Richardson: Spray paint and good musicWritten by Rachel Richardson | | firstname.lastname@example.org
Meanwhile … in Downtown Toledo … right around 2004, several forward-minded people came together at precisely the right time to revitalize the Warehouse District. Art galleries restructured themselves and became a focus, a coffee shop and pizza place popped up (not to mention a baseball stadium) and now South St. Clair Street is a bustling, activity filled section of Downtown. No surprise that art and coffee were the sparks that took fire and have been the heart and soul of the area. I don’t know a thing about real estate or property value, but something tells me the Warehouse district is doing much better in 2010, which is thrilling.
Ever heard of Uptown? I’ve heard it described as the space between the Old West End and the Art Museum. Let’s make our way over that way, shall we?
Jackson Street is a one-way street in Uptown Toledo. Whatever direction progress moves in, Jackson Street is headed that way. I’ve spent quite a bit of time in the past couple of weeks at 1441 Jackson St. with Har Simrit-Singh as he paints the mural on the wall behind Toledo GROWs Manos Garden, otherwise known at ACT Project No. 1. At all times of the day, we are greeted by neighbors, local business owners (Marty and Zach Lahey of Manhattan’s fame can even be seen taking their daily jog past the garden) and people who work in the area.
As if to prove my point that talented, creative and unity-minded people are coming out of every doorway in Toledo, we have even been joined at the wall by MCH Videogroup’s Marcus Harrison who lives in the building where the wall is being painted. Marcus has already proven himself a friend to local activists by filming and producing a Public Service Announcement for Independent Advocates, and has volunteered to video document the progress of the mural. He is also especially interested in Toledo history. The wheels in his head are turning about the generations of Manos Paschalis’ family that have occupied this section of Uptown. So, with spray paint and good music in the air, we stand around and fantasize about the potential of this spot.
I’ve mentioned in previous columns the amount of action you can find on Adams Street. Jackson Street is ready to be in on it. So much of the framework is already there. The Glass City Café is just around the corner, and is taking care of every single type of customer one diner can serve. On top of normal business hours, The Glass City Café bookends a perfect Saturday, starting with local musicians showcased three mornings a month and ending with late night munchies on Saturday nights. It also houses the biggest collection of local memorabilia this lifelong Toledoan has seen in one room.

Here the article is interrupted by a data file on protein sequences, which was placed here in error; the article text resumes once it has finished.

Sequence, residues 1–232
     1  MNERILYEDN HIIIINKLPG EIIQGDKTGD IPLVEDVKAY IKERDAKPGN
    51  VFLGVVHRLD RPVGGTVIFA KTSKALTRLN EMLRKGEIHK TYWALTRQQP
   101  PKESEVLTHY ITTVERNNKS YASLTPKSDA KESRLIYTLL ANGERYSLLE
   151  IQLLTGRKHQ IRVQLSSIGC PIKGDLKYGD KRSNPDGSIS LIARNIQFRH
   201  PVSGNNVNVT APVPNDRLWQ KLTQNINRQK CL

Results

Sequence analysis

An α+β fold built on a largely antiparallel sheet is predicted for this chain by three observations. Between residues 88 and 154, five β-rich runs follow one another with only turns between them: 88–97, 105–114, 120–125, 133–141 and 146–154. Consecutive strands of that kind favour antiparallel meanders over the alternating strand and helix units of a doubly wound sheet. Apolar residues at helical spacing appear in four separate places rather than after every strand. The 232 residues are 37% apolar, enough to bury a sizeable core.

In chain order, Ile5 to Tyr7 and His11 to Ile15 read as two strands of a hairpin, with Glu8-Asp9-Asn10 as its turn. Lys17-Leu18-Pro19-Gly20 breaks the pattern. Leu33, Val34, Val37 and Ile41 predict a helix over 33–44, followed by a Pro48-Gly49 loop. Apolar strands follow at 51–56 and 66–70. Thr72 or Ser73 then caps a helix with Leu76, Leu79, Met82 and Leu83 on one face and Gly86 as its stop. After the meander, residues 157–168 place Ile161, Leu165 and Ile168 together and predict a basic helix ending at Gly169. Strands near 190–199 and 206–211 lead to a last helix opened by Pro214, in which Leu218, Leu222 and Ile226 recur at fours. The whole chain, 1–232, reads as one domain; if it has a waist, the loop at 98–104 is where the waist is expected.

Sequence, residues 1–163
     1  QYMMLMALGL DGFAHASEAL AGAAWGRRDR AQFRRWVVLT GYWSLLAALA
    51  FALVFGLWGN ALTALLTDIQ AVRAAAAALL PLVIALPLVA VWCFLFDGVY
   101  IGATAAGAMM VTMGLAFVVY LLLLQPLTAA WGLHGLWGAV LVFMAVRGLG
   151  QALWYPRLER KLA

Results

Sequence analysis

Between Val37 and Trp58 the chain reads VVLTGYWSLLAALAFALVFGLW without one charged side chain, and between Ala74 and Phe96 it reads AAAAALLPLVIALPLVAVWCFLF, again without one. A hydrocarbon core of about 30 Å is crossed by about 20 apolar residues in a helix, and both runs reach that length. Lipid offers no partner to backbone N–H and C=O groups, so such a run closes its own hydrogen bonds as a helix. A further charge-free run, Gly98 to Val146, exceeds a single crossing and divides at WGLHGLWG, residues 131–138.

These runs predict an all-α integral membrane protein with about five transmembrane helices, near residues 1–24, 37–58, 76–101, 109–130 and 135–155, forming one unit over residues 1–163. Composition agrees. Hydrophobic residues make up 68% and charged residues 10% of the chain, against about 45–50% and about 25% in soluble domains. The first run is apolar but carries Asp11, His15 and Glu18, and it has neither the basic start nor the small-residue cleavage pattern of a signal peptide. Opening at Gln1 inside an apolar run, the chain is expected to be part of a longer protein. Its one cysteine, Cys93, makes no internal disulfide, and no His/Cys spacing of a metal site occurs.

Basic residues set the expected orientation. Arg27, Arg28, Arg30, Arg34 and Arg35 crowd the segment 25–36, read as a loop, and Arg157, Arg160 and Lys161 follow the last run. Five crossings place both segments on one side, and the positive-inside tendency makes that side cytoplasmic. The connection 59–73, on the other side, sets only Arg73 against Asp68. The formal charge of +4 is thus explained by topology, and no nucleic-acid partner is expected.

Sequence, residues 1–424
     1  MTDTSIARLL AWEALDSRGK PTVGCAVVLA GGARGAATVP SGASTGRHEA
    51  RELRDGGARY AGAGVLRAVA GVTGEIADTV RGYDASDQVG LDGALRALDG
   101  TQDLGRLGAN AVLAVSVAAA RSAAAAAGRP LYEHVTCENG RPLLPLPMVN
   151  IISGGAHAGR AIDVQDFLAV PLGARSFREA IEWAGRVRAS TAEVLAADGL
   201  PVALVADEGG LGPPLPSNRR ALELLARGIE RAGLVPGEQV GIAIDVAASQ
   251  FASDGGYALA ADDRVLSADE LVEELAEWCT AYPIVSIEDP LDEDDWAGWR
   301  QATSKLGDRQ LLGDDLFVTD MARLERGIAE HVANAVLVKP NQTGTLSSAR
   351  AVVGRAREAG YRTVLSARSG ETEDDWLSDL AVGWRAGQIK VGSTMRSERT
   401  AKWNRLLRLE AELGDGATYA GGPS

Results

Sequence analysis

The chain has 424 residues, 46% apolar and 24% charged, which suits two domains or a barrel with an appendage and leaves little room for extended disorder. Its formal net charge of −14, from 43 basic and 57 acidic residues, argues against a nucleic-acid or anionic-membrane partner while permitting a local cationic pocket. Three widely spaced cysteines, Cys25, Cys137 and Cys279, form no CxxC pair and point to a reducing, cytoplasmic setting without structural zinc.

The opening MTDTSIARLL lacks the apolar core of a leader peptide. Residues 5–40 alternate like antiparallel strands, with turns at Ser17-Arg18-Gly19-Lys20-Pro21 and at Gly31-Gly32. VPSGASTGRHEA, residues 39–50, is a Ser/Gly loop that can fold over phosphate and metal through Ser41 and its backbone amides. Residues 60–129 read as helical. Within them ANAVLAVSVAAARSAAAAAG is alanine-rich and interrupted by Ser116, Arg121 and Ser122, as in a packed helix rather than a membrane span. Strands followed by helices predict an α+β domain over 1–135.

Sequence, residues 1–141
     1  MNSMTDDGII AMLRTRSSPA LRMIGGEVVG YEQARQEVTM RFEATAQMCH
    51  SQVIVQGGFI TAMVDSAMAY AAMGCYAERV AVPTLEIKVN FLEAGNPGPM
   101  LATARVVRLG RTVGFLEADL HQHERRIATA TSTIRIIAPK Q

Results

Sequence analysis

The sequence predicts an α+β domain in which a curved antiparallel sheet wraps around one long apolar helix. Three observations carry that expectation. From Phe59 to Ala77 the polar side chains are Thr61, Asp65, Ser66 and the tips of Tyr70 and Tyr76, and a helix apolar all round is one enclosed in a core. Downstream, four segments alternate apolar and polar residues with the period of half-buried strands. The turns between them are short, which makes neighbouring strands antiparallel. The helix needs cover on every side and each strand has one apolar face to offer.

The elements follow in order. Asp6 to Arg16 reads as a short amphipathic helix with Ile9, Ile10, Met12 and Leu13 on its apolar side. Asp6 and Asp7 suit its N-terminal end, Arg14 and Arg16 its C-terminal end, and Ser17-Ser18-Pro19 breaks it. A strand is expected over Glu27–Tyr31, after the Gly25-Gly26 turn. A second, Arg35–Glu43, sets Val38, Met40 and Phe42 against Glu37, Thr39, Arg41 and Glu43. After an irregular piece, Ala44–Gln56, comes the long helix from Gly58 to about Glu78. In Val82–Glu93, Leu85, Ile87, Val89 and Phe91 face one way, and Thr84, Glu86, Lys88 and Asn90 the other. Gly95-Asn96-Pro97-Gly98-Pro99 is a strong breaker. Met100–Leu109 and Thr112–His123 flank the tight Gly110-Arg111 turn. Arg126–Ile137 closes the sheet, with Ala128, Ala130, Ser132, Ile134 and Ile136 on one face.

Did someone say art galleries are easy to build a community around? There are two within walking distance, Madhouse Gallery and The Truth Gallery.
They are in opposite directions from each other from Manos Garden (by now, anyone who knows me is snickering at the notion of my trying to speak in terms of “directions,” but we’ll make it through).
My point here is that ACT Project No. 1 is at the very center. Madhouse is a fairly recent addition to the Toledo family of galleries and has opened to a huge response.
The Truth Gallery, along with regular exhibitions, is also the home of a weekly talent showcase and open mic night hosted by U.G.E., a local record label, and is another enriching stop on that perfect Saturday we were talking about.
Dinner at Manos? Seems like a natural, especially since the produce grown in the garden on Jackson Street will make its way onto your table by way of Manos’ kitchen.
So, what are we missing? An ACT adviser mentioned recently that “we already have the bodegas.” There are several really beautiful structures in the area that are begging to be made into a vegetable stand, or a grocery store. Maybe a group of artist studios or apartments? A coffee shop couldn’t hurt.
ACT is confident that Project No. 1 (and transitively, the acts of art and activism) will be the cornerstone of growth and progress on Jackson Street in Uptown Toledo. You can get involved by volunteering in Toledo GROWs’ Manos Garden.
Rachel Richardson is an activist, musician, co-founder and co-director of Independent Advocates, and a product of Toledo, Ohio.